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Lets say there is a horizontal pipe $P_1$ of diameter $d_1$, connected to another horizontal pipe $P_2$ with diameter $D_2$.

The fluid inside shall be considered as "ideal" without viscosity and flows with $v_2$ at the outlet.

The pressure at the outlet of $P_2$, $p_2$ shall be normal pressure.

Applying Bernoulli's law I get a reduced pressure $p_1$ as compared to $p_2$. By reducing $D_1$ more and more, $p_1$ is will decrease too. But then there is a point, where it would be zero or even negative. Since negative pressures are nonphysical, there must be a limit, where the assumptions behind the derivation of Bernoulli's law are not met anymore.

However, I cannot identify that point: I know, that cavitation effects will start to occur, but those are more a property of the particular fluid and in principle I could think (?) about a hypothetical fluid not subject to cavitation. So I think there must be a pitfall in the derivation of Euler's equations, from which Bernoulli's law is to be derived by integration.

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    $\begingroup$ The limitation is that the fluid will capitate (basically boil) if the pressure drops below its equilibrium vapor pressure at the fluid temperature. $\endgroup$ – Chet Miller May 24 '18 at 11:01
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I believe that your question is aimed at the fact that if the pipe diameter is kept on decreasing, then the velocity of fluid increases tremendously, and the pressure at the inlet point (on application of Bernoulli's theorem) becomes negative.

The explanation to this fact lies with the physical laws. When we deal with pipe flows, we usually consider Reynolds' number as a governing non-dimensional parameter, which is a ratio of Inertial forces experienced by the fluid element to the viscous forces. This parameter plays an important role upto a certain pipe diameter.

Once the pipe diameter is reduced to a value 'd'<< D (characteristic diameter for normal pipe flow), then the predominant force becomes SURFACE TENSION force, and not just the VISCOUS forces. Weber's Number becomes a governing non-dimensional parameter. Hence, it is not true that the velocity of the fluid keeps on increasing till infinity. Accordingly, the Bernoulli's theorem needs to be modified to account for surface tension forces.

Also, as you have stated above, a negative pressure value basically indicates a reversal in flow direction. This can be visualized assuming that the fluid particles do not possess sufficient energy to overcome the adverse pressure gradient, and hence, they tend to reverse their path. This is very much plausible, and in case calculations lead us to a negative pressure flow, the same should be investigated in the laboratory or maybe, simulated using commercial solvers.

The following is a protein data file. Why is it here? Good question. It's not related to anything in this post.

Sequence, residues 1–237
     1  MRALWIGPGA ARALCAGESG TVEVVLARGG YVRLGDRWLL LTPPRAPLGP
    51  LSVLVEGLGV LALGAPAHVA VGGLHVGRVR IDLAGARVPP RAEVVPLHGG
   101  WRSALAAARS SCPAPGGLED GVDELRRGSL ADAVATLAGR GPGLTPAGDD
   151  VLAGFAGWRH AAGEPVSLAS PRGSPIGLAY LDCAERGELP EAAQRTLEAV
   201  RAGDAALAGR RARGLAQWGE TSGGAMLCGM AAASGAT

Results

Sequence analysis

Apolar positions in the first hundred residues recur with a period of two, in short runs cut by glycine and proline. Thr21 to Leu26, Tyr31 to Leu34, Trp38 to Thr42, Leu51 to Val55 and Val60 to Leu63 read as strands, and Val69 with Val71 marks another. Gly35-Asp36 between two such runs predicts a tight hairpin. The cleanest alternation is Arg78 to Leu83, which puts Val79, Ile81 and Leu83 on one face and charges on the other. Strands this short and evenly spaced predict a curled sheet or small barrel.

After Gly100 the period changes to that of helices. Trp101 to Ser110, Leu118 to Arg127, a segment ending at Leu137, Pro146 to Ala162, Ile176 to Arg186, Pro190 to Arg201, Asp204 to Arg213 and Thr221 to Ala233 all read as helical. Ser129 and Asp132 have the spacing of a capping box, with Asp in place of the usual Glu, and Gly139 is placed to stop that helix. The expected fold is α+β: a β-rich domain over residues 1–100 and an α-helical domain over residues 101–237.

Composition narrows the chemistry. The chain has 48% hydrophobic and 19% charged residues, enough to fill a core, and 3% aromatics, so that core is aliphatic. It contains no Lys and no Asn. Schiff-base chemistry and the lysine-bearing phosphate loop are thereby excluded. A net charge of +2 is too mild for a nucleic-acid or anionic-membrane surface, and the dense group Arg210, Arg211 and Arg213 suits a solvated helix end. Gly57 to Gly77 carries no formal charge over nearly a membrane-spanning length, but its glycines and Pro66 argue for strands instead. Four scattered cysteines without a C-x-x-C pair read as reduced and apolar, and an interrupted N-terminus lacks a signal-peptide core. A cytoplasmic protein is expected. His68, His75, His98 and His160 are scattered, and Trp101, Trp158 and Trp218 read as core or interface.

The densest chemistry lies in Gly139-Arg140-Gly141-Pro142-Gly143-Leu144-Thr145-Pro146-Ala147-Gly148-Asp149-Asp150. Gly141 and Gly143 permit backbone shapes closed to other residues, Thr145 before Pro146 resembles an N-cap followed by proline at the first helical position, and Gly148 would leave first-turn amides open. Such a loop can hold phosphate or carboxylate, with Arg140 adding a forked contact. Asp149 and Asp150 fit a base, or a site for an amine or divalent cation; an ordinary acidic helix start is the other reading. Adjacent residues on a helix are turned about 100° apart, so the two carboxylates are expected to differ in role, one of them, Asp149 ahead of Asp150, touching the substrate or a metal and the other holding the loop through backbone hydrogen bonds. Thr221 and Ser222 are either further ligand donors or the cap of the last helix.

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  • $\begingroup$ I understand the limitation of the model with regard to reality. But still I do not understand, why the assumption of an in-viscid fluid (which is wrong in reality) leads to negative pressures. Where is the point, where Euler's equations fail? $\endgroup$ – michael May 24 '18 at 11:30
  • $\begingroup$ This is because Euler's equation(which is basically conservation of momentum) does not take into account the Surface tension forces, and thus, there is a missing component which is not being integrated to give Bernoulli's equation. So, of course, the results are bound to differ and as seen in this case, produce erroneous results. $\endgroup$ – Subhas Nandy Jul 19 '18 at 18:03
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An ideal inviscid fluid is the assumption which breaks at smaller $D_1$; as you decrease $D_1$ the viscosity start playing a more dominant role in any real fluid.

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Mathematically speaking, the Bernoulli equation $$p_1+0.5\rho v_1^2=p_2+0.5\rho v_2^2=\textrm{constant}$$ for an ideal incompressible fluid does not preclude the possibility of either pressure becoming negative to compensate for high velocity, or velocity becoming imaginary to compensate for high pressure. That (absolute) pressure and velocity are both real and positive is an additional physical stipulation, based on the known physical fact that energy cannot be negative.

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  • $\begingroup$ Right - in fact I never thought about why pressure is always positive in fluids... $\endgroup$ – michael May 25 '18 at 11:43

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